On late Monday, AT&T warned visitors on its website of a “data incident” with an ominous banner at the top of the company’s homepage, according to people who visited the page at the time. The banner linked to a confusing and incomplete FAQ, which also contained a link to a site where users could enter their number to check if they were affected. The page contained a lot of the usual boilerplate language companies use when a data breach happens, but it didn’t actually contain any details. Regardless, the boilerplate FAQ is an interesting peek behind the curtain at how companies prepare for data breaches, and at how they pre-plan their apologies: "We apologized to all who were affected, and we've taken appropriate steps to help prevent this from happening again," the page said. On one hand, AT&T deserves praise for having a placeholder data breach page ready to go in case of a data breach. On the other, it’s embarrassing that the test page and banner went live by mistake, alarming some users.Read More
  • Phishing Kit 16Shop Targets Apple Users
    “It's a true multi-level kit, running different stages for different brands, depending on the information the victim provides. While 16Shop is sold to criminals looking to collect sensitive information from a targeted subset of the Internet community, at least one pirated version circulating online houses a backdoor that siphons off the data harvested and delivers it to a Telegram channel – proving once more that there is no honor among thieves," wrote Akamai researcher Amiram Cohen. The phishing kit was allegedly developed by an Indonesian whom Cohen said “has the skill to be a legitimate security community member, as well as the skills to maintain a healthy career in development. However, some users of the phishing kit have been sharing their criminally obtained information without their knowledge through a backdoor that makes a copy of the victim's information and secrets it over to a bot waiting in a room on Telegram, according to Cohen.Read More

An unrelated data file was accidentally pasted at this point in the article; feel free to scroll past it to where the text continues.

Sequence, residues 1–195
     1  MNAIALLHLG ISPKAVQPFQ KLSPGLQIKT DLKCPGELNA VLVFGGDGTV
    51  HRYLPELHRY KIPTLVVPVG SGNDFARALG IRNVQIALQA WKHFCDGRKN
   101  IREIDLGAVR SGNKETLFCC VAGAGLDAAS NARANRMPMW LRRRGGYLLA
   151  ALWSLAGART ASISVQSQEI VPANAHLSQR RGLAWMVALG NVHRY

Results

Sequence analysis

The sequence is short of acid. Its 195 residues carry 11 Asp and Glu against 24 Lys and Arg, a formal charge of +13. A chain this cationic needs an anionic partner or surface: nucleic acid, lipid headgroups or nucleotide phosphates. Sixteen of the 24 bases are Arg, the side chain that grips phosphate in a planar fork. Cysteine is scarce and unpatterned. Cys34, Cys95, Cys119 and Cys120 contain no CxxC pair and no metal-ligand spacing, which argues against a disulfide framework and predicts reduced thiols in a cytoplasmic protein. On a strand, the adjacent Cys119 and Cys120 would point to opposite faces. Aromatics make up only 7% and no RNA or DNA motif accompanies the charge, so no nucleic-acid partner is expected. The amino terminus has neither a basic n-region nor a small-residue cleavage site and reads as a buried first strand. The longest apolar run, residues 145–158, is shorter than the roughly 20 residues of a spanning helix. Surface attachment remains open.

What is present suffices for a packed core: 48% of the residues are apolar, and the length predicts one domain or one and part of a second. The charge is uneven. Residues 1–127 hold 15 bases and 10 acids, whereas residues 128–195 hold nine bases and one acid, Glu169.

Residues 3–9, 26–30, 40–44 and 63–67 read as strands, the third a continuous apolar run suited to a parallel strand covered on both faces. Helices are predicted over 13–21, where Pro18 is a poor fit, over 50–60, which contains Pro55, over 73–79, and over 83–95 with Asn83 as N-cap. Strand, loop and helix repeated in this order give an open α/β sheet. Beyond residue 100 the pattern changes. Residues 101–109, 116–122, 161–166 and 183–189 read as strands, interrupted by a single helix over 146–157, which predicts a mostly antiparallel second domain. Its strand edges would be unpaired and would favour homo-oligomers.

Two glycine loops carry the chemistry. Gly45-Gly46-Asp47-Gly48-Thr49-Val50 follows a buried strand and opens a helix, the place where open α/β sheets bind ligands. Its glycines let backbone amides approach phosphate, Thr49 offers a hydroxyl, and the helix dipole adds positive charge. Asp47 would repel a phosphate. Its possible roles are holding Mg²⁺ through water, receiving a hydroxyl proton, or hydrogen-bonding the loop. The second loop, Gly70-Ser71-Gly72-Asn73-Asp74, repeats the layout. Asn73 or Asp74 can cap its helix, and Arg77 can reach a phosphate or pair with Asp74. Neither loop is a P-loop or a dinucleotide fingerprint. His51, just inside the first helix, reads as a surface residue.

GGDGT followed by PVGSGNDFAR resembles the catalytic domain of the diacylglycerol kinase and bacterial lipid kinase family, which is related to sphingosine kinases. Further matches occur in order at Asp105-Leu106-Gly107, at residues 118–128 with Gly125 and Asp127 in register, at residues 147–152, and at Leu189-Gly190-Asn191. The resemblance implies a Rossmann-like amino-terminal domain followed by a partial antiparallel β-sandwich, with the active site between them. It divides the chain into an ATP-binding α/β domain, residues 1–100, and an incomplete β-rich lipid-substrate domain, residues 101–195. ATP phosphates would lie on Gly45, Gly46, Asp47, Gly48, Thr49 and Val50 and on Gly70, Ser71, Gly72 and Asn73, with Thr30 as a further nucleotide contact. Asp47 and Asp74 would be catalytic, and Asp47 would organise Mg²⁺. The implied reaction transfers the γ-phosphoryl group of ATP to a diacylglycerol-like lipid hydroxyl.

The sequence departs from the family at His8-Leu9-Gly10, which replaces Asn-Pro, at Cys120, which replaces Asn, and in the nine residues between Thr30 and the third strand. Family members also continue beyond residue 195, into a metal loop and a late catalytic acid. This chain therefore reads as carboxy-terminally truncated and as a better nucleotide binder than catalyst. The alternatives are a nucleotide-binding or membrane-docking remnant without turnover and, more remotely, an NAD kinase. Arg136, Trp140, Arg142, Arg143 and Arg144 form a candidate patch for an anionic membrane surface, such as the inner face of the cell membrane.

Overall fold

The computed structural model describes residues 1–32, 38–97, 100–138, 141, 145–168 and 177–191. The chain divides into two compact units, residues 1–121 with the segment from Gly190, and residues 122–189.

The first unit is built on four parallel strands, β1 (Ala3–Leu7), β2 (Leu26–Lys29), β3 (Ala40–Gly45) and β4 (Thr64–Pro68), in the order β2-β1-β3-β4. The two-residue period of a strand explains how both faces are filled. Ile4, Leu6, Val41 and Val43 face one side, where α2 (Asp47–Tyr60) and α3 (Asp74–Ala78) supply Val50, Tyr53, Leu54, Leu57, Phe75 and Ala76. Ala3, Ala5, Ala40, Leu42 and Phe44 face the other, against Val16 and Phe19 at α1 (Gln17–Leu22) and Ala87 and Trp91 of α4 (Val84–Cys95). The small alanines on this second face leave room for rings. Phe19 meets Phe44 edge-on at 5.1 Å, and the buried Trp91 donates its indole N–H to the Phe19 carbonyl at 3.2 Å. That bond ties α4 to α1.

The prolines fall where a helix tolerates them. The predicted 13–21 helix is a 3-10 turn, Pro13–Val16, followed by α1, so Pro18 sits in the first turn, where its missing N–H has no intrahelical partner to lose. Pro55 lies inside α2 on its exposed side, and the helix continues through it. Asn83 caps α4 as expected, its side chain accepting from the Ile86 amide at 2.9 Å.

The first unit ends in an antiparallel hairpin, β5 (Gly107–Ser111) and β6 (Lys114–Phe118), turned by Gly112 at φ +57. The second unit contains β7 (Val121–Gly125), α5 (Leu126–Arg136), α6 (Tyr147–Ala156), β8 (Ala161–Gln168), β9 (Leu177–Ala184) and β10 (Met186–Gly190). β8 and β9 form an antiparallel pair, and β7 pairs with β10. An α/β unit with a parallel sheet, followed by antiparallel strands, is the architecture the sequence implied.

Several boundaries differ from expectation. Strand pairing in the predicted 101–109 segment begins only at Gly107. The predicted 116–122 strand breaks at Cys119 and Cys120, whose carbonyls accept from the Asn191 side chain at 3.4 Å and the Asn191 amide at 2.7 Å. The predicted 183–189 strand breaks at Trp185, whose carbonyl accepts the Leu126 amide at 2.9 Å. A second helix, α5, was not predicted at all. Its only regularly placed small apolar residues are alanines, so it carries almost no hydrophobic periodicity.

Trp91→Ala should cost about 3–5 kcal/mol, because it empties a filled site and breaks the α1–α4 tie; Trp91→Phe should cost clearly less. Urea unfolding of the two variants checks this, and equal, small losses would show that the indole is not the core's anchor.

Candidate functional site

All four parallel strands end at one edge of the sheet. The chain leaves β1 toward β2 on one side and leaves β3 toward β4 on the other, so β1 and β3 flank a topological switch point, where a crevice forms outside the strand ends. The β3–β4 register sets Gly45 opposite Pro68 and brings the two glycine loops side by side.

• Nearly 20% of top 1000 most popular Docker containers found using NULL password
    Nearly 20% of the top 1000 most popular Docker containers were found using a NULL password. Researcher Jerry Gamblin found 194 Docker images for which root accounts were set up with blank passwords. This can expose users' systems to attacks under certain conditions.Read More
  • Permission to intrude: hiring hackers to bolster cyber defences
    In fact, large corporations such as Airbnb, PayPal and Spotify, recently revealed that they have willingly spent over £38M on ethical hackers to tighten their cyber defences and avoid crippling data breaches. Ethical hackers can play a fundamental role in helping security teams consider every single possible attack vector when protecting applications. Whilst security architects have a wealth of knowledge on industry best practise, they often lack first-hand experience of how attackers perform reconnaissance, chain together multiple attacks or gain access to corporate networks. Equipped with – one hopes – all the skills and cunning of their adversaries, the ethical hacker is legally permitted to exploit security networks and improve systems by fixing vulnerabilities found during the testing. While it may sound counter-intuitive to make use of hackers to help plan and test our cyber defences, the one thing they have in abundance is valuable, hands-on experience.According to the 2019 Hacker Report, the white hat hacker community has doubled year over year. At the end of the day, a hacker is a hacker.Read More